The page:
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Long-term test (Introduction): Honda CR-V 1,5T Exclusive AWD CVT


My wife sees cars a little differently to me – she favours family-focused functionality – so when she gave this Honda her approval within the first few kilometres that we spent behind wheel, I knew that the CR-V ticked a number of important boxes.

This 1,5T Exclusive is the top model in the CR-V range and its standard spec is an impressively comprehensive one. It includes a powered tailgate, LED front foglights and auto high beam, along with a host of advanced driver-assist systems such as adaptive cruise control, lane-keeping assist, forward-collision warning and lane-departure warning.

Like the other models in the CR-V range, this iteration has a continuously variable transmission and, whereas I’ve never been a fan of this type of transmission, I am beginning to see some of its benefits. When frugal fuel economy is your main aim, this gearbox is in its element; however, if you work the engine hard and use the upper part of the rev range, it does blunt the engine’s performance.

Especially given my 70 km commute, the CR-V’s interior is an appreciably comfortable space in which to spend time, with comfortable leather seats and a well-laid-out cabin trimmed in faux-wood strips that, while not to everyone’s taste, do provide a contrast to the cabin’s darker tones.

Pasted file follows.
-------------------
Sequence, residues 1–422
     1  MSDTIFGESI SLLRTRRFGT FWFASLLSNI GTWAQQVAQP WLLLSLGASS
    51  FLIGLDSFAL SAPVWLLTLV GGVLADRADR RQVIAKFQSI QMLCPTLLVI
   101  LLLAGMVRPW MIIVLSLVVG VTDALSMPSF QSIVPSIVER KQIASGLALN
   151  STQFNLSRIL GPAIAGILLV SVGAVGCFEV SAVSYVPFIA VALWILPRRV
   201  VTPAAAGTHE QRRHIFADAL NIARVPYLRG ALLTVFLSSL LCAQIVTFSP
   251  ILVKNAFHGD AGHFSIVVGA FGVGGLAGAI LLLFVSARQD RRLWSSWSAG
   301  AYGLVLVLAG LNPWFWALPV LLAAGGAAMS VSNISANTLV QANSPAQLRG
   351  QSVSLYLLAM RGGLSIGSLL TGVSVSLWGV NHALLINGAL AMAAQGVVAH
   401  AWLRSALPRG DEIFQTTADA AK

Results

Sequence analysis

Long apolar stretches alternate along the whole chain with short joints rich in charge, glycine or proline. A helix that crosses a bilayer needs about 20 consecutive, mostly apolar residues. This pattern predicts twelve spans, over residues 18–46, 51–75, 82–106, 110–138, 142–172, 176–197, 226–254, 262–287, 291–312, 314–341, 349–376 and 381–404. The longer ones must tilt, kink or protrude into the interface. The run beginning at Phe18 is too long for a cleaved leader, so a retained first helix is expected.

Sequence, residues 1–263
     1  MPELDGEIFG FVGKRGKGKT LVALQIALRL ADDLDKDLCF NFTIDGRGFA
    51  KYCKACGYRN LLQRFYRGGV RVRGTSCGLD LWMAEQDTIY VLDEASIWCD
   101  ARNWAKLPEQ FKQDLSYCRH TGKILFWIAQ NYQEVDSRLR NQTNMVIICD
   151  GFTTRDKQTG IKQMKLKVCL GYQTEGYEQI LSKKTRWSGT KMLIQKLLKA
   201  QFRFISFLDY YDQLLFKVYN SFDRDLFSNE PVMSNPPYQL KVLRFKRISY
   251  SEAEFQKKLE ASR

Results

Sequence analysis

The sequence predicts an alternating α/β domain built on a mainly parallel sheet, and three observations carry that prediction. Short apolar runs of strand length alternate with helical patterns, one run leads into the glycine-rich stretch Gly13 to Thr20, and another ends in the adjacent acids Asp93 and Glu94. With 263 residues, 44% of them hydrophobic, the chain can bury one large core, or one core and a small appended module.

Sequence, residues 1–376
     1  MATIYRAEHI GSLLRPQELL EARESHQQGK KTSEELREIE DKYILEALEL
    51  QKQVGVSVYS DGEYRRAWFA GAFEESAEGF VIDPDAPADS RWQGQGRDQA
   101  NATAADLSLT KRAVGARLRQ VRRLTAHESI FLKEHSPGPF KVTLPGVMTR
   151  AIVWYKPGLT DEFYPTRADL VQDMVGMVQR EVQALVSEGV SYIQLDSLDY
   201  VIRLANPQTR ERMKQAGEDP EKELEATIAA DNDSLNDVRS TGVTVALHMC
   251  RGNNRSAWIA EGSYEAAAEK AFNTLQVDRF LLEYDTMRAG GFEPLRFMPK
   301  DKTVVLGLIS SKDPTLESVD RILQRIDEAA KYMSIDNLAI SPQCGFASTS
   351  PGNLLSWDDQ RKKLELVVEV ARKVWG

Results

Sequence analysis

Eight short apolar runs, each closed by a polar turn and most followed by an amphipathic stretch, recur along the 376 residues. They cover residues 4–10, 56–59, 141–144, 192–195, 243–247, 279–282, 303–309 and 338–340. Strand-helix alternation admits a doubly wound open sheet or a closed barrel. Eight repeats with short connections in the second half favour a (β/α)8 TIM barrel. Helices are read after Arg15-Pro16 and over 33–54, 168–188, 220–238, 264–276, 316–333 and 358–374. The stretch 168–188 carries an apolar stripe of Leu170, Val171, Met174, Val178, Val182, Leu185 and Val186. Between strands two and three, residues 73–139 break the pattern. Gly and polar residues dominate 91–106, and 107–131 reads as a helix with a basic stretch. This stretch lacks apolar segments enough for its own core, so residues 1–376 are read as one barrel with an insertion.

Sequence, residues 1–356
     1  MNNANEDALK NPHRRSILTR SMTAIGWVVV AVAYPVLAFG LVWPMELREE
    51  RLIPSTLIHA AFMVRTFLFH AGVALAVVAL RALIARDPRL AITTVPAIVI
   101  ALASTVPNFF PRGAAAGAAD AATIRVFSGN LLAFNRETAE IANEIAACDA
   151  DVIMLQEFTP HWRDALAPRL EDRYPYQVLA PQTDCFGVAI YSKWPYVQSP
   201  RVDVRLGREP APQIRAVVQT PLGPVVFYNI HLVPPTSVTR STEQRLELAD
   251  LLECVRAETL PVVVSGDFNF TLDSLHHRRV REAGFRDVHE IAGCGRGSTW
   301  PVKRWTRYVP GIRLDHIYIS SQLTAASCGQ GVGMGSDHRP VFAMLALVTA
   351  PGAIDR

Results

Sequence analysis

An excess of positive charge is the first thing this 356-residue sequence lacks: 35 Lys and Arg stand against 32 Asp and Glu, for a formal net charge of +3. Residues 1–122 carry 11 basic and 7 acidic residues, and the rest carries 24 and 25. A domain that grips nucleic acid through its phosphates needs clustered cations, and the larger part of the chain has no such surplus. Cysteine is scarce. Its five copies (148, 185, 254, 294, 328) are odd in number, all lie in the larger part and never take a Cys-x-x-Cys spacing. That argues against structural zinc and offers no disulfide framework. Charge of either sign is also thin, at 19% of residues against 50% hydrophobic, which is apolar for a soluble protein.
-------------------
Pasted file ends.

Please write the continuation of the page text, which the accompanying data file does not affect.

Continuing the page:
One feature that has impressed me is the number of USB and 12 V ports in the car – there are two of the latter in front, two USB slots (1,0 and 1,5 A) and an HDMI socket, as well as two 2,5 A USB charging sockets in the rear. This makes it possible to charge more than one device and, in terms of security, three of the four sockets can be hidden with the removable cover on the centre console. Convenience comes at a price, though, and at R626 900 this CR-V steps into the premium territory occupied by the Germans and Swedes.

On the open road, the adaptive cruise control is a delight to use, easily maintaining a consistent distance to the car in front, while also issuing a warning should you straddle any lines. From behind the wheel, you get the sense of driving a large SUV.

But visibility is excellent and the entire bonnet is in sight despite the sides of the fenders running higher as they approach the A-pillars; you are never in doubt where the four corners are. Next up for the Honda is gravel-road driving during a long-weekend away.

After 1 month
Mileage now:
1 334 km
Fuel consumption (litres/100 km):
8,20 L/100 km
We like:
spacious cabin; ride quality
We dislike: pricey compared with rivals

Long-term test (Update 1): Honda CR-V 1,5T Exclusive AWD CVT


I’ll admit that, like most people, there are few things that I despise more than sitting in traffic. One piece of tech in the CR-V that comes in handy should your mind wander during the drudgery of bumper-to-bumper traffic c is forward collision warning.

It’s come to my aid a number of times, pointing out that the car in front of me has come to a stop or lowered its speed quicker than I had anticipated.

Not only does it sound an alarm, but a warning flashes in the instrument cluster.